7 Seasonal Scenic Drives in Vermont

Driving a scenic gap road in Vermont takes travelers along winding curves and exhilarating slopes surrounded by lush forests and majestic mountains peaks. These routes connect historic downtowns and all they offer, from local dining and shopping to hiking, biking, paddling, and more. Each twist and turn reveals a new panorama of breathtaking vistas, from sweeping valleys to glistening lakes. As the seasons shift, so do the landscapes, with these seven winding Vermont gap roads reopening during the spring for three-season travel.

A car drives toward the camera under a thick canopy of lush green trees with steep rocks on either side of the paved road.

1. Smugglers Notch, Scenic Route 108 – Stowe and Cambridge

It’s not just a name – this narrow pass through the Green Mountains was used by smugglers and fugitives since the days when it was just a footpath and a trail for horses. After the 1807 embargo act forbidding American trade with Canada, the path was used to illegally trade goods. During the American Civil War, formerly enslaved people used the Notch to escape into Canada, and during the Prohibition period, smugglers used it to move moonshine. Today, the 1,000-foot cliffs that surround the road as it wraps around Vermont’s highest peak are part of Smugglers’ Notch State Park, offering hiking, rock climbing, cycling, and more. Route 108 connects historic downtown Stowe with Cambridge and Jeffersonville on the other side of Mount Mansfield. It closes seasonally, typically from November through May.

2. Hazen’s Notch Road – Westfield and Montgomery

This mountain pass road was built by American Revolution soldiers as part of their attempt to reach and invade Montreal. It’s now home to an undeveloped state park and the 273-acre Hazen’s Notch Natural Area, where you can find great hunting, hiking, and birdwatching, and in the winter, snowshoeing, cross-country skiing, and more. Hazen’s Notch Road closes from December to April and is not paved throughout, so the road can be bumpy, but a drive yields beautiful views of Jay Peak and its surrounding area, as well as sugarhouses tucked into the woods, seasonal foliage, and apple trees. The road also accesses Vermont’s Long Trail, the oldest end-to-end hiking trail in the U.S.

3. Appalachian Gap – Buel’s Gore

The App Gap, as it’s called locally, is a pass through the Green Mountains near Camel’s Hump, one of Vermont’s five mountains taller than 4,000 feet. Located along Route 17 in Buel’s Gore, the road passes next to Stark Mountain before its dizzying descent into Starksboro. At 2,369 feet, the pass offers scenic overlooks and winding turns for cycling and motorcycle riding, as well as hiking, with the Long Trail crossing the road. Nearby is Vermont’s Mad River Valley. While this road doesn’t close seasonally, it can be tricky to traverse in the winter.


Seen from above, a winding road traverses through a mountain pass with a lake and snow-covered trees.

4. Lincoln Gap Road – Lincoln and Warren

The Lincoln Gap Road is the highest vehicle-accessible road in Vermont and the steepest paved mile in the U.S., climbing about 1,800 feet to connect the towns of Lincoln and Warren. Paved on the Warren side and dirt on the Lincoln side, with the dividing line at the top, the road is narrow and twisty. There are general stores on both sides of the road and on the Warren end, the Mad River Valley is home to great local dining and shopping. On the Lincoln side, cool off at Bartlett Falls, a popular series of swimming holes.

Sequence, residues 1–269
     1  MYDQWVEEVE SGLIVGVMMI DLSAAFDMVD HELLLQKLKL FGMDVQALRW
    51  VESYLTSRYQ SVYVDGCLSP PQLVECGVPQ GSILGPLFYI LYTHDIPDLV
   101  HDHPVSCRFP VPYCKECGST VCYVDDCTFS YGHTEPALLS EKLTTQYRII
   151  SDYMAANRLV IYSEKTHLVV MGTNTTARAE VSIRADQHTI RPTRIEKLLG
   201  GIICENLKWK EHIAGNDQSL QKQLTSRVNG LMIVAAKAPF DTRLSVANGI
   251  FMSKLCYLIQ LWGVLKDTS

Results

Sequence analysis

A church seen from a distance in the summer with mountains visible behind the building.

5. Putney Mountain Road – Newfane

This road between Newfane and Dummerston and Putney can be an adventure even in the summer as the gravel road is steep in places, and in the winter, it closes for the season. Wrapping around and near the road is a trail network along Putney Road, offering a big visual payoff for its elevation, comparatively short at 404 feet. In downtown Putney, discover Santa’s Land, a holiday theme park dating to the 1950s open from spring through fall and scenic local mountain biking loops accessible from downtown.

A view of Stratton Mountain from afar in the fall on a sunny day.

6. Kelley Stand Road – Sunderland to Stratton

This crowd-favorite dirt road passes from East Arlington to Stratton. Its southern Vermont location has earned it the nickname “Gateway to the Green Mountains,” ending at Route 100. The road originally served settlements and logging camps in the 19th century, and 19th-century senator Daniel Webster spoke out against slavery to 1,600 people there in 1840 (look for the green historic marker to find the exact spot.) Kelley Stand Road, closed during winter, passes through the Green Mountain National Forest and near the small beach at Grout Pond, affording opportunities for swimming, biking, hiking, paddling, fishing, and more. Both the Appalachian and Long trails cross Kelley Stand Road, too.

7. Waterville Mountain Road – Bakersfield and Waterville

This northern Vermont seasonal road, closed during the winter, passes next to plenty of trailheads, offering lots of opportunity to take in waterfalls and scenic views. Nearby, the Lamoille Valley Rail Trail is the longest in New England, stitching 18 communities together across 93 miles. Jeffersonville and Cambridge offer local dining, a distillery, beautiful locally painted murals, and more.


A mural depicting an old man wearing a wide brimmed hat is painted on the side of a silo in a field.

Many of Vermont’s roads are managed by individual towns, so if in doubt about whether a route is open, travelers can check with towns individually.